Under the new Health Protection Regulations, police can fine anyone caught outside their home without a good reason. The fixed penalty notice starts from £60, cut to £30 for prompt payment.
Repeat offenders could see this doubled, to a maximum of £960. Those who fail to pay could be hauled to court where magistrates can impose unlimited fines.
Officers from Police Scotland give a final warning to a member of the public to go home whilst on patrol on Perth’s High Street
A police stop point in Penzance where they are checking that drivers are on essential journeys on Wednesday afternoon
Drone footage posted by Derbyshire Police on Twitter of people being outside in the Peak District
Urinals are pictured with some blocked off in order for people to distance themselves at motorway services on the M20, near Maidstone in Kent
Members of the public observe social distancing while queuing for a supermarket in Brixton on Thursday
North Yorkshire Police begin vehicle checks to support ‘stay at home’ message to support the GovernmentÕs measures to protect the NHS and save lives during the Coronavirus outbreak
Police check vehicles in Plymouth today as they try and ensure people are only taking essential journeys in their cars
The head of the Crown Prosecution Service, Max Hill QC, warned that offenders coughing and spitting at key workers would be charged with common assault, punishable by up to two years in prison.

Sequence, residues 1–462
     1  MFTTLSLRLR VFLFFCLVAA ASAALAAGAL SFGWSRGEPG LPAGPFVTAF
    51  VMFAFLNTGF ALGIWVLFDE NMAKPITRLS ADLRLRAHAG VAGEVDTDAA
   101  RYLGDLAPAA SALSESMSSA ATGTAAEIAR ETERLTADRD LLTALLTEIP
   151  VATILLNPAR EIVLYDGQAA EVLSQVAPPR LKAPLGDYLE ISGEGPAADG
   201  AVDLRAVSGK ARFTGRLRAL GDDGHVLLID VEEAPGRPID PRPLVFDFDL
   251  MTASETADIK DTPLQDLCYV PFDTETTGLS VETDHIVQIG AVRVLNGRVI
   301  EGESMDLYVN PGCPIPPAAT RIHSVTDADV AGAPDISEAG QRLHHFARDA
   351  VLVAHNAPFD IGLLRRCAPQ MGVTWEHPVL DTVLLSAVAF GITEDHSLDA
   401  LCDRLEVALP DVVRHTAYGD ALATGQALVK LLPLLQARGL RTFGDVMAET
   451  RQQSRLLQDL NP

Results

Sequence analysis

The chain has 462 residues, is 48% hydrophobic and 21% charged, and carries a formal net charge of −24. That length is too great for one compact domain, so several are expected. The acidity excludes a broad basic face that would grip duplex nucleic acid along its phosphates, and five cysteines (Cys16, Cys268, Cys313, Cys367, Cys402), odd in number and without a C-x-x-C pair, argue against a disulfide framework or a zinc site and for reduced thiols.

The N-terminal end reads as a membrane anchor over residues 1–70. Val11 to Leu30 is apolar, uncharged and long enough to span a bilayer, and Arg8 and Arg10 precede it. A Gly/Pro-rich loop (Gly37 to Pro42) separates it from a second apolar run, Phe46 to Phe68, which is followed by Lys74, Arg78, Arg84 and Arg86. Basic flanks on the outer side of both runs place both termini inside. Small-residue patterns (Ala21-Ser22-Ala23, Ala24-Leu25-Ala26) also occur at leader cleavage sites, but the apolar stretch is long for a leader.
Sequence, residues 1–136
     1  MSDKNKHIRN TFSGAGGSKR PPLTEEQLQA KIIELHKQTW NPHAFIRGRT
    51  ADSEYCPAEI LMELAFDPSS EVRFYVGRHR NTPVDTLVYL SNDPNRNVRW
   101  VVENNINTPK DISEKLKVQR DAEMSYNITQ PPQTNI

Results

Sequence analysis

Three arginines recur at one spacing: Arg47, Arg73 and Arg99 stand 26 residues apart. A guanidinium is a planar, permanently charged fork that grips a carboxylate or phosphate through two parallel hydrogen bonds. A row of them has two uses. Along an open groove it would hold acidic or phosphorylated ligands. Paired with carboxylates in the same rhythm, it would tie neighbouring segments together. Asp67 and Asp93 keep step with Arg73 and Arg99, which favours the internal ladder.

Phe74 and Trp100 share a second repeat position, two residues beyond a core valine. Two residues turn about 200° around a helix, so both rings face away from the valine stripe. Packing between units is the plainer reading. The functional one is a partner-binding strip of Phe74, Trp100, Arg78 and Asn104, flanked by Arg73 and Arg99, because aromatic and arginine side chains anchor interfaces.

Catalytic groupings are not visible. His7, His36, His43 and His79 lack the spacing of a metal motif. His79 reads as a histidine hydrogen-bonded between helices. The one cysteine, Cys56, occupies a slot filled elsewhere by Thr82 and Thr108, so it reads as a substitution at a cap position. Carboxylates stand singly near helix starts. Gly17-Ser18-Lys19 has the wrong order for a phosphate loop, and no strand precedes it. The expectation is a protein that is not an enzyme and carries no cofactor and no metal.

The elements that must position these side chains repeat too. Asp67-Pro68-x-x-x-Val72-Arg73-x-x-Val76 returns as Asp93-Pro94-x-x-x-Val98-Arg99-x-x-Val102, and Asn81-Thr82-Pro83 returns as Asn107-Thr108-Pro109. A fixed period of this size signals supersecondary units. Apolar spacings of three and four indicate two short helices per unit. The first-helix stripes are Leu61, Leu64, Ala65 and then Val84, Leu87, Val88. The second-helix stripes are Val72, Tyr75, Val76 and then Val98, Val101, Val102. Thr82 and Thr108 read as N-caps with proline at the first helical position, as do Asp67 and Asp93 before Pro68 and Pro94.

His intervention came after Darren Rafferty, 45, from Dagenham, east London, admitted three counts of assaulting an emergency worker after claiming to have coronavirus and deliberately coughing at officers arresting him for grievous bodily harm.
David Mott, 40, from Blackburn, was sentenced to 26 weeks in prison after threatening to spit at officers when they asked him why he was outdoors with two others on Monday night.
Derbyshire Police took the extraordinary step of using one of its drones to film dog walkers, ramblers and a group posing for Instagram pictures on a cliff top at sunset last night – highlighting their movements and accusing them of making an ‘unessential’ trip.
Using the unmanned aircraft they also gathered number plates from parked cars and traced their owners to their homes in Sheffield saying: ‘Walking your dog in the Peak District: Not essential.’